Scientific Sharing

Collection manager Steve Rogers has been working with the museum’s herpetology treasures for more than 30 years.

Last year, Steve Rogers, the Museum of Natural History’s longtime collection manager for amphibians and reptiles (as well as birds), got a call from an Alabama postdoctoral researcher with no small request: “She wanted a few hundred wood frogs to see if there were differences in their extremities over time,” Rogers recounts. No problem, he told her, and he proceeded to do what he’s done countless times for countless individuals and organizations: He visited the museum’s strange and wonderful “alcohol house”—with its three floors and many metal shelves lined with thousands of jars of amphibians and reptiles preserved in alcohol—where he would have to spend many hours removing specimens from jars and preparing them for shipping.

It’s not a money-making venture. Rather, notes Rogers, it’s a service museums provide to each other in the name of scientific advancement.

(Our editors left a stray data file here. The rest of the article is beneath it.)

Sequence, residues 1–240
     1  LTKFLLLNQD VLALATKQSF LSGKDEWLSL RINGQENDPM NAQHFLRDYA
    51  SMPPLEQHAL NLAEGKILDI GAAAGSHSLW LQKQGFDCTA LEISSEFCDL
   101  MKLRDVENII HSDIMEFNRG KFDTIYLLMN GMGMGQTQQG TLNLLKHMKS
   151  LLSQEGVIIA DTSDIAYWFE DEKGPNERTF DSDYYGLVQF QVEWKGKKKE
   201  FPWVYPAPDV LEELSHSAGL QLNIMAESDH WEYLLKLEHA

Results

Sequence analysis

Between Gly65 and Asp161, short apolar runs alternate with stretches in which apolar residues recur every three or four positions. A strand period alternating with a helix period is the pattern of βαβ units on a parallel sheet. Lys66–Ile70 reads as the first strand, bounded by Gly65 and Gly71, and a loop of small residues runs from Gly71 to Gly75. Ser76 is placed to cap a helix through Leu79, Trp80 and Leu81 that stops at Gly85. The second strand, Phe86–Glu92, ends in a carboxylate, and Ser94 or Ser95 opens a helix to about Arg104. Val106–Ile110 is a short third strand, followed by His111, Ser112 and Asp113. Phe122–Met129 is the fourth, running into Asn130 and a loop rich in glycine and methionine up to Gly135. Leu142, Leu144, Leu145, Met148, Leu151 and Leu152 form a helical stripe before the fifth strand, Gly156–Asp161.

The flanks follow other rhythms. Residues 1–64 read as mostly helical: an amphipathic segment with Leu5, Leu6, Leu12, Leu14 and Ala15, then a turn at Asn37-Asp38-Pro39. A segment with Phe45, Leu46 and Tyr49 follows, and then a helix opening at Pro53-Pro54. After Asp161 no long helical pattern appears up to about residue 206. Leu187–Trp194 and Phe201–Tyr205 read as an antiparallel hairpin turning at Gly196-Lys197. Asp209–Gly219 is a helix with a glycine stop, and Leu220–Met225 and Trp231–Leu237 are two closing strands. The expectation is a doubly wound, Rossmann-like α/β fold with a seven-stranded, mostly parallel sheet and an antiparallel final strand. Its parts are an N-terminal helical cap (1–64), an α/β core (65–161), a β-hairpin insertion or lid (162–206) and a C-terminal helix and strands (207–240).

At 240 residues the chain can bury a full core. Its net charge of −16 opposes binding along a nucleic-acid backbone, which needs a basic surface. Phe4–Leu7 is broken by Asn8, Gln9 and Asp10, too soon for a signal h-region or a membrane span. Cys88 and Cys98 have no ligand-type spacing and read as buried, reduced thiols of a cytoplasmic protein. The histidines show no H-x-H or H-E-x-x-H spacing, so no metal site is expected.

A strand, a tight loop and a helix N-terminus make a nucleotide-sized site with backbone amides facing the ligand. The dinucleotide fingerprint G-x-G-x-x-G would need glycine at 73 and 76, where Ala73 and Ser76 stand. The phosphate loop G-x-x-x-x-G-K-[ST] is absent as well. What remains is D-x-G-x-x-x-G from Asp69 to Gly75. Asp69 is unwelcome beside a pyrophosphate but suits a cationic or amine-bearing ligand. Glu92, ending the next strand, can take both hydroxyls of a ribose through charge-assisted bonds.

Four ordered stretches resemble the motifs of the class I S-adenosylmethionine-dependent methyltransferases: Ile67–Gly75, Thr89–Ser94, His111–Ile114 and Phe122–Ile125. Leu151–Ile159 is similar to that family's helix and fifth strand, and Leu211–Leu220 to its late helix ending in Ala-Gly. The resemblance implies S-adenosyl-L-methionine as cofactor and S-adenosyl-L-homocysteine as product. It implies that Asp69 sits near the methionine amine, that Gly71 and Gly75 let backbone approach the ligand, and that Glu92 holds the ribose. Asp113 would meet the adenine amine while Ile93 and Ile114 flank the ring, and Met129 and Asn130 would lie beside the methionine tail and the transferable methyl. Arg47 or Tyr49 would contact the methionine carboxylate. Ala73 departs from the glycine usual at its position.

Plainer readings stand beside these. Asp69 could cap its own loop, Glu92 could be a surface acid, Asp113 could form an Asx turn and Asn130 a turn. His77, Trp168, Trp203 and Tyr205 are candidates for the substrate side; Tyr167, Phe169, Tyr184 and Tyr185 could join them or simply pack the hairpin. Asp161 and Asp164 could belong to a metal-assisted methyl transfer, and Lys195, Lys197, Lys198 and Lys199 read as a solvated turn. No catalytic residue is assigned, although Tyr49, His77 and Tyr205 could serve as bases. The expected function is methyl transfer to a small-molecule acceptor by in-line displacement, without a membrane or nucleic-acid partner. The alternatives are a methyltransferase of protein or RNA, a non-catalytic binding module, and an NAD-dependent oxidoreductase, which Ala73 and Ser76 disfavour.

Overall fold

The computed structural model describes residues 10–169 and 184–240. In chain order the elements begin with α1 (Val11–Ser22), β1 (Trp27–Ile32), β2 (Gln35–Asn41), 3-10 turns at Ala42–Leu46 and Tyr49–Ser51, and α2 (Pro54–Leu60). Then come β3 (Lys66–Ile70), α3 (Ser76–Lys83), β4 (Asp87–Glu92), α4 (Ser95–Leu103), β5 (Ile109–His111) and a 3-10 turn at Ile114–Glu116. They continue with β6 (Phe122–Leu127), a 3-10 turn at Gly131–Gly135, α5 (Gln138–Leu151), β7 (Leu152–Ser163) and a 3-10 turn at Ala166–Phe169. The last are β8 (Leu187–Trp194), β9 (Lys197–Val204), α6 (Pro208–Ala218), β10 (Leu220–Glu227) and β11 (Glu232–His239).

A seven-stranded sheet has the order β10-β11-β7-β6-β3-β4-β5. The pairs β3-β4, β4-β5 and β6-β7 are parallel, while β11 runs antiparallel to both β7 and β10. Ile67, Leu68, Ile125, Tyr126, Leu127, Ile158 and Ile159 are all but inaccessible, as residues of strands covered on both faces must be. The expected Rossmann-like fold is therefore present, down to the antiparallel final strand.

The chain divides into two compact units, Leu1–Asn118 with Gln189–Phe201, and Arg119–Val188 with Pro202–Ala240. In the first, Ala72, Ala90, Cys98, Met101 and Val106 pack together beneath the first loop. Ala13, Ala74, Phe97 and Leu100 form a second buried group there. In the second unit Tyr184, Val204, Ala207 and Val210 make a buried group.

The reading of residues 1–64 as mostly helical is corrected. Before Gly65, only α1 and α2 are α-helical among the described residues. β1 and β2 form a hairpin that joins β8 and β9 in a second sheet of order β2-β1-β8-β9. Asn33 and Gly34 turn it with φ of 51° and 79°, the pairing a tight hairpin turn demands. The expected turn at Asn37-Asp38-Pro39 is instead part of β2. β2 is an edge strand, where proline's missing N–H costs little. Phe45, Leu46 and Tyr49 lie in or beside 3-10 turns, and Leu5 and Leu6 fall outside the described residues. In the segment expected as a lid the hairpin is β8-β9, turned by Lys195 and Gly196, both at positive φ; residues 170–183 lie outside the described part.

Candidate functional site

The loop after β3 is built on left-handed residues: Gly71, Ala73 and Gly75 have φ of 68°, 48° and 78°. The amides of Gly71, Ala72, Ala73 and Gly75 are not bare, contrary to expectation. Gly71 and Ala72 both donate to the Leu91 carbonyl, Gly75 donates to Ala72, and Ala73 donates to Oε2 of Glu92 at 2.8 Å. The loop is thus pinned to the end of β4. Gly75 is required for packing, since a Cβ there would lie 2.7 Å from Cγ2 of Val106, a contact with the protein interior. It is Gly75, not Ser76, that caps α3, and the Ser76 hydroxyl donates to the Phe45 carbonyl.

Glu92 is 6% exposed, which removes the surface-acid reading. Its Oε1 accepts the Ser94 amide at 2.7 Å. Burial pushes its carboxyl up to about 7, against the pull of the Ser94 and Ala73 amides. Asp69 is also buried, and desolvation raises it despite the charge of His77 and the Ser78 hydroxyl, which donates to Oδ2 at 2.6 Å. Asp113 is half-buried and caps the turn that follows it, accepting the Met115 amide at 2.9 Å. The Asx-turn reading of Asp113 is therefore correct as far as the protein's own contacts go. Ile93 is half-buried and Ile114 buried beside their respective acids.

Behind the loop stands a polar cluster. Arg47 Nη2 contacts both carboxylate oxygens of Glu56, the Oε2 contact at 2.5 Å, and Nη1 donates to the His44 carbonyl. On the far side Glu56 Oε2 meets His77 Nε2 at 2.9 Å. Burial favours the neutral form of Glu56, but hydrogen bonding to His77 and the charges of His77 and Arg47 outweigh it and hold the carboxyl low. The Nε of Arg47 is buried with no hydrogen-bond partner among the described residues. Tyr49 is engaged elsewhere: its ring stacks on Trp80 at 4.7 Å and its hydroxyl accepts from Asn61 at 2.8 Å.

Today, the museum’s amphibian collection boasts about 65,000 salamanders and 54,000 frogs, and the reptiles portion has around 29,500 snakes, 29,500 turtles, and 30,500 lizards, as well as a few other orders of specimens. The collection is well rounded in all groups with good-sized collections from many parts of the United States and about 170 other countries or island nations.

Thankfully, in the late 1970s, Carnegie Museum of Natural History began entering the detailed information on its amphibian and reptile collection into a database. While, today, the alcohol room looks pretty much the way it has for decades, Rogers can now electronically search the collection—ranked about tenth in the world for its diversity and number of specimens, now 207,500—a huge timesaver.

He’s proud of the database, and how the museum has joined with other peer institutions in linking their collection databases to the web-searchable networks of “HerpNET” and “VertNET.” And he’s especially happy to welcome José Padial, the department’s new assistant curator, who will be bringing hundreds of new specimens home with him after most of his expeditions— even though it will mean more work for Rogers.

“It’s time we build the collection again,” he says.




Also in this issue:

Under the Influence  ·  The Shape of Things  ·  The Carving Out of a Collection  ·  Director's Note  ·  NewsWorthy  ·  Face Time: Nina Marie Barbuto  ·  Artistic License: Permantly Interesting  ·  Science & Nature: Survivor's Tale  ·  About Town  ·  The Big Picture